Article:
are not disposed to make to us a very proper course to take, and much of it. If etiquette may be over- it is one which the American Press, looked in a crisis, so also may lapses which is always very jealous of its of taste. The most that can be said country's dignity, is fully prepared to against Admiral Davis is that, in the endorse. There is no need of officious absence of British warships, he thought disclaimers by public men in this counit his duty to act in the way that a try, or of any obsequious apologies. British Admiral might have done, and All Englishmen and Americans underforget for the occasion, that he repre- stand perfectly well what has hapsented a foreign Power. History can pened, and make every allowance. show more than one occasion when Fortunately, at the time of the frieboth British and American naval com- tion in Jamaica Mr. Root, the Amerimanders have been guilty of the same ican Secretary of State, was on a visit lapse of memory with the happiest re- to Canada as the guest of Lord Grey. sults. He may have committed a After the President, Mr. Root is the breach of etiquette, which in the cir- most distinguished of American statescumstances should have been wel

If Mr. Roosevelt were to resign, comed by the representative of Britain. he would probably succeed him in the


Republican leadership, and in any case is the most authoritative and trusted exponent of the Roosevelt policy. He has given the Monroe doctrine its modern form, and he has done more than any other man, not even excepting the President, to interpret it rationally in practice. To-day he may fairly be claimed as the chief authority on American foreign policy, the exponent of the new American Imperialism, but with it all a wise and cautious statesman, in whom impulse is ever subservient to reflection. He has always been conspicuously friendly to Britain, and the visit which he is paying to Canada, in return for that of the Canadian Governor-General to the States, cannot fail to bear fruit in the relations between the two countries. He has talked frankly to interviewers of his impressions of the development of Canada, a land which he knows well, and on Tuesday at the Canadian Club at Ottawa he delivered one of those long and eloquent panegyrics which seem to be the monopoly of American public men in their visits to other countries. Every one, he said, who had been born and bred like himself under the English common law, and under English principles of liberty and justice, must feel at home in Canada. For forty years he had watched her development, and he had seen wonders. "Feeble, illcompacted, separate, dependent Colonies had grown into a great and vigorous nation." Canada had found wealth, and she had found statesmanship. What seems specially to have impressed Mr. Root was the fact that all classes in Canada were deeply interested in politics. Without such a universal interest true self-government is impossible, and we may detect a note of regret in the tone of a statesman in whose country politics do not always attract the best minds and the most strenuous wills. In the conclusion of his speech he declared that the Amer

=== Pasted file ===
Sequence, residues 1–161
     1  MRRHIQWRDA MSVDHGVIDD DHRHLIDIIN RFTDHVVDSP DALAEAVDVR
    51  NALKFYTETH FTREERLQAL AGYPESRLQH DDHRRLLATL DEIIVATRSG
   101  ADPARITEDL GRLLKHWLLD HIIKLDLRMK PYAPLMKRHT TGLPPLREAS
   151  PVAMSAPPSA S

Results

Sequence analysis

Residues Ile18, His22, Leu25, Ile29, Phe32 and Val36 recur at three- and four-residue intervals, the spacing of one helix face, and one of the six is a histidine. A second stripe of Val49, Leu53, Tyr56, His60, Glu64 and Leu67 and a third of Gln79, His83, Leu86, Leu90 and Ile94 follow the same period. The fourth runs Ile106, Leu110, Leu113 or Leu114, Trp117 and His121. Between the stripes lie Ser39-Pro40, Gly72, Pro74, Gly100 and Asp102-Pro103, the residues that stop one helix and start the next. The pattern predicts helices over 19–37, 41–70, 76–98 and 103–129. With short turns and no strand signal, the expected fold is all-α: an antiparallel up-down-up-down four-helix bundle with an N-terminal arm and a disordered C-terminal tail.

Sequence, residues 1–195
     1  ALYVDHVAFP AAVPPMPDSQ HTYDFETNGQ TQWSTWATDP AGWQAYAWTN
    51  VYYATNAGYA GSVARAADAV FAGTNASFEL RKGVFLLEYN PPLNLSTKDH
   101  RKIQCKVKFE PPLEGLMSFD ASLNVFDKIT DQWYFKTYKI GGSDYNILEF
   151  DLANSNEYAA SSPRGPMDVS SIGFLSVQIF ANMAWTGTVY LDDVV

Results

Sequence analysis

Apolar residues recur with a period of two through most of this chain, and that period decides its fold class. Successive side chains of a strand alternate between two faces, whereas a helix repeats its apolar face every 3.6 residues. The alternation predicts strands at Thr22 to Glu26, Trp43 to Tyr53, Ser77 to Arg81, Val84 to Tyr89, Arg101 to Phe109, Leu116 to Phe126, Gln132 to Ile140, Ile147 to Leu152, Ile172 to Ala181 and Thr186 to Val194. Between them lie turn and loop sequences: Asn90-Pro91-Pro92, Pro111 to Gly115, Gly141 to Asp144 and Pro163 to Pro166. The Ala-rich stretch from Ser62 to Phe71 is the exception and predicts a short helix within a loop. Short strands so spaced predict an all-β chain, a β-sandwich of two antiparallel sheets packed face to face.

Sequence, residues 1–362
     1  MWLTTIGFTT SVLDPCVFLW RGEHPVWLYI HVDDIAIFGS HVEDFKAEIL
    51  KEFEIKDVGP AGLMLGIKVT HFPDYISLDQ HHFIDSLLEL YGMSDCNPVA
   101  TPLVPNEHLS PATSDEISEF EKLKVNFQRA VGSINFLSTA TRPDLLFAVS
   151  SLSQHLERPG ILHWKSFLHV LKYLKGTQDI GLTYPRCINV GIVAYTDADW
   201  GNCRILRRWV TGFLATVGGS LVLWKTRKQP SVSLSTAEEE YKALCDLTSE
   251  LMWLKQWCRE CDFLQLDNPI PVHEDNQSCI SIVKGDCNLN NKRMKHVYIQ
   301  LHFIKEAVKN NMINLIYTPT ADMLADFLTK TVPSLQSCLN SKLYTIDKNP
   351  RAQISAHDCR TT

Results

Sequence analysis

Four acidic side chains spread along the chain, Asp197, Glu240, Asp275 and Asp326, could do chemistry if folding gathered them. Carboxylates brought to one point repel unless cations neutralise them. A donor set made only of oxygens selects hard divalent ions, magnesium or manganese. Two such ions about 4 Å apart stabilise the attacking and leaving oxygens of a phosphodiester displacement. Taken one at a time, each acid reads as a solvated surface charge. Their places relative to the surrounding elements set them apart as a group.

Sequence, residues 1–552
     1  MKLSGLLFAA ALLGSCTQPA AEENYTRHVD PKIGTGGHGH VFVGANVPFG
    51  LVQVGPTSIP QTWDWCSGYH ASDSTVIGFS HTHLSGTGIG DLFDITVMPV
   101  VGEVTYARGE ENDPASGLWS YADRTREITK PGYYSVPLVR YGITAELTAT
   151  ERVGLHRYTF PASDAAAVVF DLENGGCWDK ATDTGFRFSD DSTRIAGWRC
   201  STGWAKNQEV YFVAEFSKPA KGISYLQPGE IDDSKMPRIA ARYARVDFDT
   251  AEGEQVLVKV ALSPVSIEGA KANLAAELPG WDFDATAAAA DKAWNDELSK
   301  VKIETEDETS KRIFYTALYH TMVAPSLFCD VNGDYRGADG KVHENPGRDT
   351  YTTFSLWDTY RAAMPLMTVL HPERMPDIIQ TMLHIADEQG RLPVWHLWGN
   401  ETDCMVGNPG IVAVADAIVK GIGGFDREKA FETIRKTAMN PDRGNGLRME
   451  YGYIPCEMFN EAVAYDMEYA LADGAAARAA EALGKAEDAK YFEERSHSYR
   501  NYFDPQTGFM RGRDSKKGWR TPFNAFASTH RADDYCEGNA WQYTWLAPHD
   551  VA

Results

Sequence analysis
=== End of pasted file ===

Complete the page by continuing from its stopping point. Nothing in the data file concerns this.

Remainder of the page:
ican people looked upon the great material and spiritual progress of Canada without jealousy, nay, rather with admiration and hope. There was a patriotism of the American Continent as well as of Canada or the United States. Their pioneers were of the same race and had grappled with the same problems. To-day, in spite of differences, the same questions were occupying their minds. Mr. Root did not blink the possibilities of friction. The two peoples were loyal to different national ideals, and in that loyalty lay their strength. Difficulties were bound to arise, but let them remember that for ninety years, under a simple interchange of Notes dealing with the armament on the Great Lakes, the two countries had been living side by side in peace. If this had been possible in the difficult early years of both nations, when national susceptibilities are more tender, and opportunities for quarrels more numerous, surely there was reason to hope that the future might reproduce the past.